But with all of this said, the movie does have one drawback. One major, recurring, godawful drawback. I’m of course referring to the overarching storyline in which Sully and Skiles have to participate in an investigation as to why the event happened and whether it could have been prevented. The investigation is led by three bureaucrats (played by Mike O’Malley, Jamey Sheridan, and Anna Gunn) who seem hellbent on taking the flimsiest excuse to pin the whole disaster on Sully and his copilot.

Where do I even start?

First, this witch hunt flies in the face of everything we know about Sully, both in the film and in real life. We know that he saved all those people, we know everybody hailed Sully as a hero at the time, and we know that he’s recognized as a hero now. From the contrived start to the flimsy middle to the wet fart of a finish, this whole storyline is pathetically thin and void of any suspense.

Secondly, we don’t need a telegraphed victory against a few pompous assholes, and we don’t need some big “Oscar speech” moment to glorify Sully. He saved 155 people and lived to tell about it. What more does anyone need?

Thirdly, there was absolutely no reason why the investigators had to be such over-the-top bullies. If they had been rational and well-intentioned professionals, made to look like prosecutorial windbags by Sully’s paranoia and mental trauma, that might have actually been compelling and dramatic. But no, we just get these three idiots scowling into the camera. Useless.

FOURTHLY, it’s not like this film needed any more drama than it already had. We’ve already got a plane that went down with 155 souls on board, and one wrong move could potentially mean that they’re all dead along with God knows how many other people in New York City. On top of that, we’ve got Sully’s inner struggle as he tries to deal with his sudden fame and his PTSD flashbacks of what happened. You think that’s not enough drama to power an entire film? You think this is a story that really needed a villain? Bullshit.

FIFTHLY, this whole storyline was clearly made to drive home how ridiculous it is that those with any power get to sit in total safety, lording over those who really are suffering on the front lines with absolutely zero knowledge of what it’s really like in the thick of things. There’s also a clear point made against computer simulations and predictive algorithms, in praise of the human factor. All of these ideas are presented in ways that are blunt, braindead, and preachy. It stands in stark and garish contrast to all the beautifully nuanced and authentic portrayals of the event, its aftermath, and how it affected everyone involved.

This brings me to the sixth point: IT’S BULLSHIT!!! The real-life NTSB investigators of the Hudson River landing have already come out publicly, stating that their unsympathetic portrayal couldn’t be further from the truth, citing the actual NTSB record as proof. Even the real-life Captain Sullenberger himself requested that the investigators’ names be changed, as they bore so little resemblance to the real thing. But even without that knowledge, absolutely EVERYTHING about this storyline smelled of horseshit. It’s presented in a manner that’s ham-fisted and tin-eared, reeking of hack filmmakers sticking cliched storytelling and and obnoxious preaching where they don’t belong. And it’s all the more annoying precisely because as the rest of the film proves, these are NOT hack filmmakers.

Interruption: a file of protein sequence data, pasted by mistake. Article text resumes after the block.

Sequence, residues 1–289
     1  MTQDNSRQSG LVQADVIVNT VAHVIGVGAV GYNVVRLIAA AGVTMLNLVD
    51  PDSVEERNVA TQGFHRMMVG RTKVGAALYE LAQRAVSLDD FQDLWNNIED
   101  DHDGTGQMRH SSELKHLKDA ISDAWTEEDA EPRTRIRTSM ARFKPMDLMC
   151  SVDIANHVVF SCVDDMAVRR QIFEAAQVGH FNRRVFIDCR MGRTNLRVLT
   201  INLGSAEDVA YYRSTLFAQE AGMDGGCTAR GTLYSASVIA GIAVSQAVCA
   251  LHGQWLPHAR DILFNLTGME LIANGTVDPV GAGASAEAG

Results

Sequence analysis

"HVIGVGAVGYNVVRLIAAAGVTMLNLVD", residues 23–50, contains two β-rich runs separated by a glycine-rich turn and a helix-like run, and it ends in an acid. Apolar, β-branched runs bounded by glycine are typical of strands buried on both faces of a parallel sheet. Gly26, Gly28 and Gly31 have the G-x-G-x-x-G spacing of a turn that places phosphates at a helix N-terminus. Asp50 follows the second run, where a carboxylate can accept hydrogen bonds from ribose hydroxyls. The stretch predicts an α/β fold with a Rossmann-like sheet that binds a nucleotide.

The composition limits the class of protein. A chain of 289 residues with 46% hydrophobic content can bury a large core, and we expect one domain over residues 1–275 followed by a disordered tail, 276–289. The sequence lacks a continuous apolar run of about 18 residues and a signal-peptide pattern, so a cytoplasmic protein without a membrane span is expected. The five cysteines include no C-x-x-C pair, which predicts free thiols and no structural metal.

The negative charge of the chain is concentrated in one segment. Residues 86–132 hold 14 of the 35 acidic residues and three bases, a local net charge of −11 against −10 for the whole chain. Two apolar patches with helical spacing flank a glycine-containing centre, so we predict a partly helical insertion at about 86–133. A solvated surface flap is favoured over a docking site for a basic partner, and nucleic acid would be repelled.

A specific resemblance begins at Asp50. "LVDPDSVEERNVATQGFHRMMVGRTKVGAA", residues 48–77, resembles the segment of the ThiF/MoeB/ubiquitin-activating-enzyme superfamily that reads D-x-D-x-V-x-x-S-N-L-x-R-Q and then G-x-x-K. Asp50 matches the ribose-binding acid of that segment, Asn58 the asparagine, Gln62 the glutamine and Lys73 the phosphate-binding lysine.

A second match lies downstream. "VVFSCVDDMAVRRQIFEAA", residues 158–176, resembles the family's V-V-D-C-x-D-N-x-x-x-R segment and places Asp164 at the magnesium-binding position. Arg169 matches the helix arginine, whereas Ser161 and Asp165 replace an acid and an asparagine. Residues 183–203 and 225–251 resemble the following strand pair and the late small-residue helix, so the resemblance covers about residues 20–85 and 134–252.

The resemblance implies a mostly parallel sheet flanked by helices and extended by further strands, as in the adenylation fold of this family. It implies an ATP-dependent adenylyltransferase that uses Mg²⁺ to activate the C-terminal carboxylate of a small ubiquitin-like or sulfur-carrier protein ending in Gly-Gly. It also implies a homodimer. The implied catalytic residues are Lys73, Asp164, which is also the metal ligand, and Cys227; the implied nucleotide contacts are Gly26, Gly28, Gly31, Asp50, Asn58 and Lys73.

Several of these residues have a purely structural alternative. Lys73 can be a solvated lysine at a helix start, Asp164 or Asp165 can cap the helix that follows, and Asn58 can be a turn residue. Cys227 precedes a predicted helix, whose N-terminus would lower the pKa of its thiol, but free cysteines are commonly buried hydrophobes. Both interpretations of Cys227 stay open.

Sully at once represents Clint Eastwood at his best and his worst. Eastwood is incredible at casting his movies and coaxing great performances from his actors. He’s aces at portraying the human element, focusing on the seemingly insignificant bit players in a way that’s compelling and poignant while also conveying a sense of scale. Moreover, he’s got a lot of things to say about our men and women in uniform, providing commentary on their struggles that’s not only timely but imperative. It’s just such a damn shame that all of Eastwood’s skill with nuanced and relateable characters goes right out the fucking window when he brings his libertarian streak into where it doesn’t belong. It’s not that I hate him for being a libertarian — that’s his own right. It’s that he’s so damn stupid and self-righteous about it, cutting off character and story at the knees for the sake of pontificating, that there’s no way I can agree with him.

Don’t get me wrong, Sully is a good movie and well worth seeing. There are some great performances, it’s a wonderful love letter to New York and its finest, and there are moments so emotionally raw that you’re guaranteed to come away with a new appreciation for what happened and those who lived through it. Just keep in mind that everything about that godawful NTSB storyline needs to be taken with a barrel of salt.